Severed paws, crushed snouts and pierced stomachs – these are just some of the horrific injuries caused to animals by an assortment of vicious traps and snares that have been highlighted by an animal welfare charity.
A series of photographs released by the RSPCA in what they are calling a “Calendar of Cruelty” graphically illustrate the appalling agony suffered by creatures caught in such traps.
The RSPCA chose a monthly incident from either 2006 or 2007 to provide a snapshot of the sort of suffering animals endure as a result of the cruel devices. The organisation is keen to make people aware of the ongoing problem, even if many of the images – including some from the West – do not make comfortable viewing.
One especially harrowing photograph shows a fox after it had become hopelessly ensnared in an illegal trap that gouged out both of its eyes.
The fox was still alive when it was found, despite the trap crushing his skull and forcing metal teeth into its eye sockets.
RSPCA South West spokeswoman Jo Barr said: “I think it’s one of the most disturbing images the RSPCA has ever released.
“It is impossible to imagine the pain this creature must have endured.”
Explaining the initiative, she went on: “It is at this time of year that many people are opening up their animal calendars for 2008 and looking at lovely images for the coming year.
“But these happy glossy calendars are worlds away from the horrific pictures which face our inspectors and animal collection officer on a monthly basis when they are called out to deal with animals caught in traps and snares.”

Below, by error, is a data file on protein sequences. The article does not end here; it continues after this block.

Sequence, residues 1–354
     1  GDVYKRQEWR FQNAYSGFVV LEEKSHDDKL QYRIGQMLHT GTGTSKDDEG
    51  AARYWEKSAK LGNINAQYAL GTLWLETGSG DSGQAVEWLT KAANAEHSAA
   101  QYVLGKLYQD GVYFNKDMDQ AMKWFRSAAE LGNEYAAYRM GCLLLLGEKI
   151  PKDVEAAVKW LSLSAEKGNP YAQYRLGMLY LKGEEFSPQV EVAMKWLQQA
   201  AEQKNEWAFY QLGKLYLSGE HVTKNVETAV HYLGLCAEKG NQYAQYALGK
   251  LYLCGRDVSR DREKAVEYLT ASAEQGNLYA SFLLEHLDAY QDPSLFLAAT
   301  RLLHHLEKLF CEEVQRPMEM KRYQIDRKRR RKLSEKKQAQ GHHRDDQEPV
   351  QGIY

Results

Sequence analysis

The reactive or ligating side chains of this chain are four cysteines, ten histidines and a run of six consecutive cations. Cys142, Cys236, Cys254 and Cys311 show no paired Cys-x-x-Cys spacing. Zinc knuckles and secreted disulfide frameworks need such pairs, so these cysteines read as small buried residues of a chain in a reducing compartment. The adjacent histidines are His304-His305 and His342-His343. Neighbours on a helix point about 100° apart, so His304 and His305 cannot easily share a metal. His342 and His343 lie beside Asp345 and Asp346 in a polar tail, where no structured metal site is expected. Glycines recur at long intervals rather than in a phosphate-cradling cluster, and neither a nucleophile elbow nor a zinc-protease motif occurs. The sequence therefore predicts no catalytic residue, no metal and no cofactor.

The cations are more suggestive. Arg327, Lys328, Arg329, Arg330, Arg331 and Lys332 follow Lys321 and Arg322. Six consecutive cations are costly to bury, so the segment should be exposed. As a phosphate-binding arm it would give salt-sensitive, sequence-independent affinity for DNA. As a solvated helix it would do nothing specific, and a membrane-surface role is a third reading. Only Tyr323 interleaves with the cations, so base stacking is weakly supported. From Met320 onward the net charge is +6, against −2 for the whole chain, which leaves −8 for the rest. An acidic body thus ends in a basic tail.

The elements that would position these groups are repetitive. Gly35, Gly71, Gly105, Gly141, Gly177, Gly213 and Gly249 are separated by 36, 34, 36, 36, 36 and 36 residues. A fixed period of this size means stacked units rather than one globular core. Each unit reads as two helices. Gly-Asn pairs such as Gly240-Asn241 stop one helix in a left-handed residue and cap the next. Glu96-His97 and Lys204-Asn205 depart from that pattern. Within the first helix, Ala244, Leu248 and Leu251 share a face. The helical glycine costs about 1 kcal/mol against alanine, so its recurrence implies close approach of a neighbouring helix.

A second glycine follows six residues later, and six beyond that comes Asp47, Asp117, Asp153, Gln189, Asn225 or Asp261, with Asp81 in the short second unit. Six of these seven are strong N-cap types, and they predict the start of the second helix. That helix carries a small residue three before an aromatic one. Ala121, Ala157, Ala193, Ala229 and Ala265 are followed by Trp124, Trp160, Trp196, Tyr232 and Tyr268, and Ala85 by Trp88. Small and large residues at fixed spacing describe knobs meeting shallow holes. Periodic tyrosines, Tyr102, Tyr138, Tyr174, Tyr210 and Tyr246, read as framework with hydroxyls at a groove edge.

Gin traps are mechanical traps designed to catch an animal by its leg, using spring-operated jaws with teeth or a serrated edge. Their use has been illegal in the UK since 1958, but some are still being set to catch animals such as rabbits and foxes.
Ms Barr explained: “The sale or possession of such traps is not illegal, but the RSPCA wants to make people aware that they can face prosecution by setting a gin trap.”
Anyone found guilty faces a maximum pounds20,000 fine and/or six months in prison.
One cat was put down to prevent further suffering after spending five agonising days with a gin trap stuck to its mouth in Cornwall.
Cat suffered horrific injuries
RSPCA collections officer Felicity Cross said: “It was horrific to find this cat in such a shocking state.
“He must have been in agony for a long time. He was impaled on the teeth of the trap and his front leg had been crushed.”
Also in Cornwall, a badger had to be put down after being caught in a snare on private land, which the landowner said had been set to catch foxes.
The mechanism had cut right through the badger’s chest muscle, exposing the cavity.
RSPCA Chief Inspector Neil Thomas said: “The badger was obviously in distress. The snare was wrapped around the fence and we had to use wire cutters to cut it free.”
Another badger succumbed after days of desperately struggling to free itself from a snare hooked to farm fencing.
In Wales, two cats were caught in gin traps in one day in June 2006; one of which had to be destroyed to stop its misery.
RSPCA inspector Richard Abbott said: “The cat’s front leg had been crushed, broken and twisted by the lethal mechanism.”
Fellow inspector Nigel Duguid said: “To have two incidents of animals suffering in gin traps within one morning is upsetting and totally unacceptable.
“People must not set these traps, allowing them to indiscriminately maim and kill animals.”
A wood pigeon was also put down after it was found fluttering with a gin trap attached to its leg.
RSPCA inspector Liz Wheeler said: “The pain and suffering that creature must have endured from the jaws of the trap and the weight of the device does not bear thinking about.”